You cover all the sharp edges on your furniture. You plug all the electrical sockets, latch all the drawers and block off the staircase. You’ve baby-proofed your house to the best of your ability.
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But, inevitably, the day will come when your child gets hurt.
For some parents, that day comes when they turn their back to grab a diaper and baby rolls right off the changing table. Or they’re carrying baby along with a load of laundry down the stairs and trip and fall.
In this gut-wrenching moment of panic, you might be inclined to immediately pick your baby up off the floor and rush to the emergency room. But take a moment to breathe and observe first.
Sometimes babies need emergency medical attention after falling, and sometimes they’re just fine. You, of course, want to be sure your baby gets the medical attention they need, but you also don’t want to put them through unnecessary stress – and rack up medical bills — from an unneeded ER visit.
Pediatrician Ei Ye Mon, MD, provides some advice to assist in your decision-making.
Babies and falls
This scenario happens more often than you might think. Falls are the leading cause of nonfatal injuries in kids, according to the Centers for Disease Control and Prevention. In children under age 1, falls account for over 50% of nonfatal injuries.
And most of the time, children are not severely injured. But
infants under 12 months of age have more fragile skulls, which makes falls more
risky for them, Dr. Ye Mon says.
“The younger they are, the more dangerous it is for a
serious head injury, no matter the mechanism of the fall or how high it is,” she
Is it an emergency?
It can be hard to tell whether infants have sustained an
injury or are in pain, but there are a few key signs to look for.
Before picking up a child after a fall, check for obvious
signs of head trauma, which would warrant an immediate call to 9-1-1 for
emergency help. Those signs include:
- Loss of consciousness.
- Discharge or blood coming out of the nose or ears.
- Swelling of the soft spot.
- Bruising or swelling along the head, or obvious skull fracture.
If any of these signs are present, avoid the urge to pick up
your child and comfort them. “With head traumas, it’s possible that they’ve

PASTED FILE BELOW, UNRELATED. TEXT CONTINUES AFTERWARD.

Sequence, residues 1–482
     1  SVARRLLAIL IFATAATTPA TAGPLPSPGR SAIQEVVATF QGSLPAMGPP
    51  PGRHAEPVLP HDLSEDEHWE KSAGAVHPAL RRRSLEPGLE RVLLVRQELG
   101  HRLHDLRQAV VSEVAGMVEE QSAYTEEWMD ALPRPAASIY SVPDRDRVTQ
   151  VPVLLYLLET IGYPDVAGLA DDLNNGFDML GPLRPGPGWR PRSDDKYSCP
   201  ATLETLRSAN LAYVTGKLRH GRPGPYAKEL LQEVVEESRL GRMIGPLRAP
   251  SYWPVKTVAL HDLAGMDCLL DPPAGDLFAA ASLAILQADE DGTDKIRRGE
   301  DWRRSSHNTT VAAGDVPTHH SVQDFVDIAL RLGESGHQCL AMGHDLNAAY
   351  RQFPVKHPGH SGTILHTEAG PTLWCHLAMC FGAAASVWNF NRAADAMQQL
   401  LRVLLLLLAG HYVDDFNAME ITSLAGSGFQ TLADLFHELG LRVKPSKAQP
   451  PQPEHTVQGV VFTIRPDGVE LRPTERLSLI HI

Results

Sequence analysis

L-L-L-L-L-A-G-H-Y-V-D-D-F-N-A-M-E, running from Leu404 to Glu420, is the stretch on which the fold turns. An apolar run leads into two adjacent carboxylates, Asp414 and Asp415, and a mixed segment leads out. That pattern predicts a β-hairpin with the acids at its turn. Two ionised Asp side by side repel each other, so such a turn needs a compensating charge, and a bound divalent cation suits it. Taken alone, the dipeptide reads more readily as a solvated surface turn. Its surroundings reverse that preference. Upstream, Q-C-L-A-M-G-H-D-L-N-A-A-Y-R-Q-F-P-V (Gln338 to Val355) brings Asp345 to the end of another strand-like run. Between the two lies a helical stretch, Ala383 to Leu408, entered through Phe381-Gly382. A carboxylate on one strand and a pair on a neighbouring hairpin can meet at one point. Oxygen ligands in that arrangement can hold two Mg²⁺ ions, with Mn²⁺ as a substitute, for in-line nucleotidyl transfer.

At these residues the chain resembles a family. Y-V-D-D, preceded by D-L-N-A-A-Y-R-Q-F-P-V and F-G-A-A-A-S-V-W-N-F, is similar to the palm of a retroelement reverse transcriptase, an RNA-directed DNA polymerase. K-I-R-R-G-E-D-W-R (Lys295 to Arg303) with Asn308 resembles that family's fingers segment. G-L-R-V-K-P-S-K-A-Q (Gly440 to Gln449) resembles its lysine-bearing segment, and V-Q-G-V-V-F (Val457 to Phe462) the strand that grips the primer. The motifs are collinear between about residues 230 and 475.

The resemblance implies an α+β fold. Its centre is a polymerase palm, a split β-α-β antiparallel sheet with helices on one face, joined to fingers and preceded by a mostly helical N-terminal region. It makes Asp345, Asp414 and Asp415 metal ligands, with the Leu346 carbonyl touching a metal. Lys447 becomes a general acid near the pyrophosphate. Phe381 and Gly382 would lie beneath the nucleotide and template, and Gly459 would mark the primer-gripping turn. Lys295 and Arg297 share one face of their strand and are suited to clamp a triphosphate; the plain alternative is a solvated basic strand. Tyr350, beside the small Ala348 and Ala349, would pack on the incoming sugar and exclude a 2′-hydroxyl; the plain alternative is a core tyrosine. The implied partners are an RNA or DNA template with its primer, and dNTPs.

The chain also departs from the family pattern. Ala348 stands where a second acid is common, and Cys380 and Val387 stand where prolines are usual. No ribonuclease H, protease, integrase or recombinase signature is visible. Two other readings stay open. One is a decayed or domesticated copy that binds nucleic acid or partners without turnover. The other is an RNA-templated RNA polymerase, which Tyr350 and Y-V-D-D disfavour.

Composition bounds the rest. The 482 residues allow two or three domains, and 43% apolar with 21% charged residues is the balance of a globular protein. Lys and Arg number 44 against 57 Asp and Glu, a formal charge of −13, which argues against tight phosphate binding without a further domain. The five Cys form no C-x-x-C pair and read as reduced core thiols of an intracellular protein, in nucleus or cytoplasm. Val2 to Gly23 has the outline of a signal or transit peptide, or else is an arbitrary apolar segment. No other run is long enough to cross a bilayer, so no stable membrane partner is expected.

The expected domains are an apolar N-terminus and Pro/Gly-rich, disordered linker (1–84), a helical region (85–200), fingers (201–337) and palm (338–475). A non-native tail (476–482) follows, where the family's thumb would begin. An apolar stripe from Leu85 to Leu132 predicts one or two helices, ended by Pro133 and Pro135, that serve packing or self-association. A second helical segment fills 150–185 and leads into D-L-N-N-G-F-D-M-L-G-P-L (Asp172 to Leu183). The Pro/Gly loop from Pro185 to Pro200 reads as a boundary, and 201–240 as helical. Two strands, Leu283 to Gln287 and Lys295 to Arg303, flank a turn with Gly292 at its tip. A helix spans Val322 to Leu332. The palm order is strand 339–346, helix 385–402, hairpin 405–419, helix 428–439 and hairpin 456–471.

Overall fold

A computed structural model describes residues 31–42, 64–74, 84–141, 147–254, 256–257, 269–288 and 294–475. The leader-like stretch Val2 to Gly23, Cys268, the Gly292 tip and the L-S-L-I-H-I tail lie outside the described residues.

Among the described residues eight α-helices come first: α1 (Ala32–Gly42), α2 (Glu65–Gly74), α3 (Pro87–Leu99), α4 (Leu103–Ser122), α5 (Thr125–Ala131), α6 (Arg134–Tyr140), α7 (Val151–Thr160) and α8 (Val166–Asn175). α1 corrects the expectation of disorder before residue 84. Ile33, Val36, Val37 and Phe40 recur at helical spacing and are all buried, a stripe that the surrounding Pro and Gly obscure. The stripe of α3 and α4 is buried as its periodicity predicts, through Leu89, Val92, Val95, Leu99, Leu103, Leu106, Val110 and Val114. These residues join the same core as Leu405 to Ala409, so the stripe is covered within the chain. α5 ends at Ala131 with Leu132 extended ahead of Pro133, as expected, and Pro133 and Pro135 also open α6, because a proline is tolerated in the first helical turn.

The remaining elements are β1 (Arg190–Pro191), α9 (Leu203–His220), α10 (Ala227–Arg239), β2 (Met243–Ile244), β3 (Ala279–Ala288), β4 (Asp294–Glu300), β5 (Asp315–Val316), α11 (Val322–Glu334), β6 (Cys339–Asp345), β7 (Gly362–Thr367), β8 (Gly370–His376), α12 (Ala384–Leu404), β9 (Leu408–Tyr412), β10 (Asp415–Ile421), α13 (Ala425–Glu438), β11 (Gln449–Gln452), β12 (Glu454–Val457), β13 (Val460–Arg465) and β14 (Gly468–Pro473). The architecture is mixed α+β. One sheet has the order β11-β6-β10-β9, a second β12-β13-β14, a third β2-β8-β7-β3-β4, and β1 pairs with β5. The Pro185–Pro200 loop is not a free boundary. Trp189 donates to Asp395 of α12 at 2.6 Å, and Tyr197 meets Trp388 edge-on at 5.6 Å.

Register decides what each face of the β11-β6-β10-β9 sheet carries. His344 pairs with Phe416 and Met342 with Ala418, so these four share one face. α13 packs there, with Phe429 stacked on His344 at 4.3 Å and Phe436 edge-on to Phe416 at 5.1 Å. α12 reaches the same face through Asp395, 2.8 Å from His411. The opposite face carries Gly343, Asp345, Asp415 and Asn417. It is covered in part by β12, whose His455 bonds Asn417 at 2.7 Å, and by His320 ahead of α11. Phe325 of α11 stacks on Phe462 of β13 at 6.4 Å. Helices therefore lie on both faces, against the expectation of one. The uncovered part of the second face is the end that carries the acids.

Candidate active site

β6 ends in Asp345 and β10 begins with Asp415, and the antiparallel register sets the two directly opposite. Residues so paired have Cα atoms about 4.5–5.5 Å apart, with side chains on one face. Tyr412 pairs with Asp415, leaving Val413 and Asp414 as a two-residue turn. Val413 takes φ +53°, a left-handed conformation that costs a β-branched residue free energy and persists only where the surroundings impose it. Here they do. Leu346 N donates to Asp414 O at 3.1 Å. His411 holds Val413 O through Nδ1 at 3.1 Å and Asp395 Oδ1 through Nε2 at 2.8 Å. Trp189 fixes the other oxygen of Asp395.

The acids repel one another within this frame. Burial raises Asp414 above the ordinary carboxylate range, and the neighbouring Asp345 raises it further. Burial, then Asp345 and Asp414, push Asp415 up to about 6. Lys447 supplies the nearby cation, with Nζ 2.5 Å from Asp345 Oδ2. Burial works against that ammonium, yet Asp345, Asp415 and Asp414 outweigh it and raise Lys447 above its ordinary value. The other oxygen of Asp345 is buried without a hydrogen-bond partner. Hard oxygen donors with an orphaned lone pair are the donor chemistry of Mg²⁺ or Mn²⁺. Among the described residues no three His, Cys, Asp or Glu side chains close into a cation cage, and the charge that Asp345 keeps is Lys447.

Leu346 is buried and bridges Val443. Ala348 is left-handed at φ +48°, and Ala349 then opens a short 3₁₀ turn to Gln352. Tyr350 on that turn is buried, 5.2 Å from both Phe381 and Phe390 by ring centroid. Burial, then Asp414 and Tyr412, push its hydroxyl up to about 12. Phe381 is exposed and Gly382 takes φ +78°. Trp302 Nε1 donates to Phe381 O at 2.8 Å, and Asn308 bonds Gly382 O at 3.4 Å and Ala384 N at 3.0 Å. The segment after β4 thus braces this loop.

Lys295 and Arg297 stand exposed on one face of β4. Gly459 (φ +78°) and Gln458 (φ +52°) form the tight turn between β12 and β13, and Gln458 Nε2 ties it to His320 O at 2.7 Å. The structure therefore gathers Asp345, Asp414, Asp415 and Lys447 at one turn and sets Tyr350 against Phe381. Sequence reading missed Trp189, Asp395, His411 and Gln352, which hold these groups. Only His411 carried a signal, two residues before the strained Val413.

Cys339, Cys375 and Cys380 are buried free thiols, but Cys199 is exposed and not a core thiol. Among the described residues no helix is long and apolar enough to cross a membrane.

also injured their neck or spine, and you don’t want to possibly worsen the
injury by moving them,” Dr. Ye Mon says.
A deformity anywhere on the body that looks like it could be
a broken bone should also be treated as an emergency.
If the baby is having a seizure after a fall, gently roll
them to their side before calling 9-1-1, she adds.
If the child is alert and crying (that’s a normal reaction
for a startled baby, even when there is no injury), and there are no obvious
signs of injury, gently pick them up and console them.
“If they don’t improve after you console them, then I would
be concerned,” Dr. Ye Mon says.
Keep a close watch for the next 24 hours
Symptoms of an injury might not be obvious right away, so even
if you don’t think emergency medical care is needed, keep a close eye on your
baby’s behavior over the next 24 hours.
“Usually, once you’ve passed that 24-hour mark, it’s safe to
say that anything scary is less likely,” Dr. Ye Mon says.
Babies are likely to want to go to sleep after a fall, whether they have a concussion or not. Dr. Ye Mon says it isn’t necessary to try to keep them awake to monitor them, but you should try waking them every few hours to make sure they’re rousable. If they’re not, seek immediate medical care.
If you notice any behavior that is out of the ordinary – if
your baby is more fussy than usual or inconsolable – that’s something that
should be checked out by a doctor, too.
And, if you have other reasons to suspect that your baby is
injured, trust your parental instincts.
“If parents have any concerns at all, it’s never wrong to have them evaluated by a doctor to be on the safer side, especially at that age,” Dr. Ye Mon says.
Prevention is key
You can’t talk about falls without talking about preventing
them in the first place.
Dr. Ye Mon recommends that babies do not sleep in adult beds
or on other elevated surfaces unattended – even if you think they aren’t
rolling yet. It’s even smart to place car seats or bouncy seats on the floor
instead of a chair or kinds of elevated furniture that they could potentially
fall off of.
And as hard as it is, try not to multitask. Use both hands
to carry a baby and ensure that their neck is always supported.